RADFORD – The Radford City Council recently received an update on the city’s Beautification and Municipal Forestry Commission and its effort to plant 150 trees in 2022 in honor of the 150th anniversary of Arbor Day.
“We’re pretty close to reaching that goal,” said Dr. Matt Close, co-chair of the commission. “We should get there if we can get everything planted before winter.”
Close said about 40 trees were planted on West Main Street, and other plantings include a centerpiece cedar tree planted in the center of the roundabout at Sundell Drive, Eastern Redbud trees along Sundell Drive, several trees at Glencoe Mansion and the Mary Draper Ingles Cultural Heritage Park, East Main Street, Scott Street and Dick Davis Drive, and in Bisset Park and along New River Drive.
Close said he would like to see the city enhance the health of its tree population by increasing public awareness and training for proper tree pruning and removal, the best species to plant locally, and possible changes in policies and city code regarding tree planting and removal.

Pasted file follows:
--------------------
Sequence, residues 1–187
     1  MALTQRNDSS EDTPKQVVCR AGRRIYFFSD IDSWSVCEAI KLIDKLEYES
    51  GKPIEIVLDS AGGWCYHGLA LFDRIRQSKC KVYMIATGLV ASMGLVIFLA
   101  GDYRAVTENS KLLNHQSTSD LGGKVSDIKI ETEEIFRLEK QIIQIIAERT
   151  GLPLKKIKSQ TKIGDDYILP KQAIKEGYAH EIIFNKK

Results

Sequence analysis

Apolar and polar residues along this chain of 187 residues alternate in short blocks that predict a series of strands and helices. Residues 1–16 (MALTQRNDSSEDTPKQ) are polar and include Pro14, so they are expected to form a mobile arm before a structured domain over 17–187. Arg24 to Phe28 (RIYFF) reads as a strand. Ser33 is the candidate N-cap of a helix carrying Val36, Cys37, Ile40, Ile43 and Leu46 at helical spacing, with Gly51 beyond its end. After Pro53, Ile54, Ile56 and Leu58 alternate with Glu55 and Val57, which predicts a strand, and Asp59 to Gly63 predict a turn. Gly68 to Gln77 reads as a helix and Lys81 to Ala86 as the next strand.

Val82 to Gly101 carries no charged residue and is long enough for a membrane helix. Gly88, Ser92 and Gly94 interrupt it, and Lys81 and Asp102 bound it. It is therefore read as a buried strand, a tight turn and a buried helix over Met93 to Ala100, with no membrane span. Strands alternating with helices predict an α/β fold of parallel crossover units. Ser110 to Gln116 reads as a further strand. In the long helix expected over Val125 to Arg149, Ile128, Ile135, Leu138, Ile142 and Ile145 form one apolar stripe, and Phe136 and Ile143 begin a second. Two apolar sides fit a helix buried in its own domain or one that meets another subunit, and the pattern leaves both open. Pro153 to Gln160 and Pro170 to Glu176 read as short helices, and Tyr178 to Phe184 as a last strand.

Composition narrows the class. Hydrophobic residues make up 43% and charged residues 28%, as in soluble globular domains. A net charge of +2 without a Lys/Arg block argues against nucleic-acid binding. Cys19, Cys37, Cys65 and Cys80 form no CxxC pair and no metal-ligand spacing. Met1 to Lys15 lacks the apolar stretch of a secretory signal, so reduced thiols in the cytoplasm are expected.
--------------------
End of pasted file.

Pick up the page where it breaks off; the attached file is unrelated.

Close also introduced Jesse Kelly, who operates a non-profit called Nursery Natives, the mission of which is “restoring native ecosystems, food sources and community, one tree at a time.” Kelly has launched a Facebook page to allow citizens to vote on an official Radford city tree. Close said once the voting is over, the Beautification Commission will likely appear before the city council in the hopes the city will officially adopt a city tree.
Kelly said there are five tree species in the final running for the official Radford city tree. They are the Eastern Redbud, the Common Paw Paw, the Cucumber Magnolia, the Red Maple, and the Flowering Dogwood. The trees are all recommended species for the local area through the Virginia Department of Forestry. Voting is open until Oct. 10 at (https://www.facebook.com/groups/radfordcitytree).